• Understand that some Indigenous communities have walked the path before and have developed sophisticated agreement and consultation protocols, while others may not have; you must meet with each impacted Indigenous community where they are at. 
  • Things cannot happen without trust. Listening and engaging will help build that trust, so companies are encouraged to meet with Indigenous leaders and communities early and often.
  • It takes time to discuss the issues, find the truth, frame discussion, and come to consensus; build in time for long-term and iterative engagements.
  • Agreement often means people don't all get what they want but the final decision helps everyone.
  • Draw from tools in the investor toolbox: relationship building, mediation practices, communication and collaboration tools, conflict avoidance agreements, etc.
  • Companies talk about division but don't always acknowledge how their own behavior affects decision; make that part of the process.
  • Engagement with Indigenous Peoples means addressing the history of Indigenous erasure and invisibilizing through dominant power structures: companies need to understand this and seize the opportunity to rectify historic imbalance so Indigenous Peoples are respected and have agency.

Great strides have been made from Indigenous leaders and investor allies to lay a foundational understanding of FPIC globally. The talking points and strategies discussed at the roundtable can move the needle towards effective and equitable operationalization of FPIC and help build a world where every company that impacts Indigenous Peoples – either directly or indirectly – has Indigenous-defined FPIC protocols. Investors must continue to encourage companies to develop policy that necessitates minimum FPIC due diligence standards as articulated in the UN Declaration on the rights of Indigenous Peoples that are inclusive of all priorities and concerns put forward by Indigenous Peoples. 


Addendum – Common Questions about FPIC From Companies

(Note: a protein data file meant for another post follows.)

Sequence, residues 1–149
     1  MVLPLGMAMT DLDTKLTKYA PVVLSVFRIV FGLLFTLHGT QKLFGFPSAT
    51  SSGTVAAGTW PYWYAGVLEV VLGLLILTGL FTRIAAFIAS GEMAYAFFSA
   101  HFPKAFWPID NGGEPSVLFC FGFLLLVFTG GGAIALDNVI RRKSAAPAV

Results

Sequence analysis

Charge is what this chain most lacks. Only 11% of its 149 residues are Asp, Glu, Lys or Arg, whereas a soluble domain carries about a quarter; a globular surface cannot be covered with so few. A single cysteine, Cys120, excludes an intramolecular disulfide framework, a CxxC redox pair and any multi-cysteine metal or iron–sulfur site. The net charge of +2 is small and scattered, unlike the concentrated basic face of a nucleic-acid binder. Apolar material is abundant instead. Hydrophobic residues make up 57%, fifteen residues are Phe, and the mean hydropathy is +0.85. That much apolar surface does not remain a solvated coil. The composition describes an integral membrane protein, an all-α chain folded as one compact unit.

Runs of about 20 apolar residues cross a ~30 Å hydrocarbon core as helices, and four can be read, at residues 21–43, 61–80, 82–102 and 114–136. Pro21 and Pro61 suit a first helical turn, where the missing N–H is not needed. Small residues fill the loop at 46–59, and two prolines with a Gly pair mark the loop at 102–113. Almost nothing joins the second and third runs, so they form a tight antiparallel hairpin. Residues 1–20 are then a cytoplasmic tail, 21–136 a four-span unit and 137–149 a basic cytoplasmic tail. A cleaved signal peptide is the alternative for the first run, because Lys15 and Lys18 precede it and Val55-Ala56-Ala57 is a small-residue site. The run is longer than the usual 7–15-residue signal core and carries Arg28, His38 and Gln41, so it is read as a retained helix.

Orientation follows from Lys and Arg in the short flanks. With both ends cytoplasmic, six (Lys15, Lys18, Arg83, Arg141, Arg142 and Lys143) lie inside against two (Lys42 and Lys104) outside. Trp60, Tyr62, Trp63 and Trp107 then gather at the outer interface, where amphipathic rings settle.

The following list of recurring questions from companies about FPIC were culled from participants of the Investors & Indigenous Peoples Working Group and engagements First Peoples Worldwide has participated in. Investors are encouraged to prepare for these and other questions that may arise on Indigenous issues, and to invite Indigenous leaders into conversations.

  • Can you define FPIC for us and/or can you give us an example of when FPIC has worked for a company?
  • How do we begin to operationalize FPIC?
  • What are the core values and protocols Indigenous Peoples require in FPIC policy?
  • How can we create iterative FPIC processes, especially for projects that span generations?
  • How do we navigate situations where two or more Indigenous communities don't align on one course of action?
  • We secured FPIC at the beginning of the project. Do we need to re-secure FPIC or revisit FPIC parameters?
  • The country where our project is based does not require FPIC. Is FPIC a realistic standard to achieve here?
  • Do we need FPIC policy when our clients bear sole responsibility for obtaining FPIC?
  • Does our policy on “prior consultation” suffice to ensure FPIC? 
  • Does our policy to secure consent from local communities encompass Indigenous Peoples right to FPIC?
  • What are the legal ramifications of securing FPIC?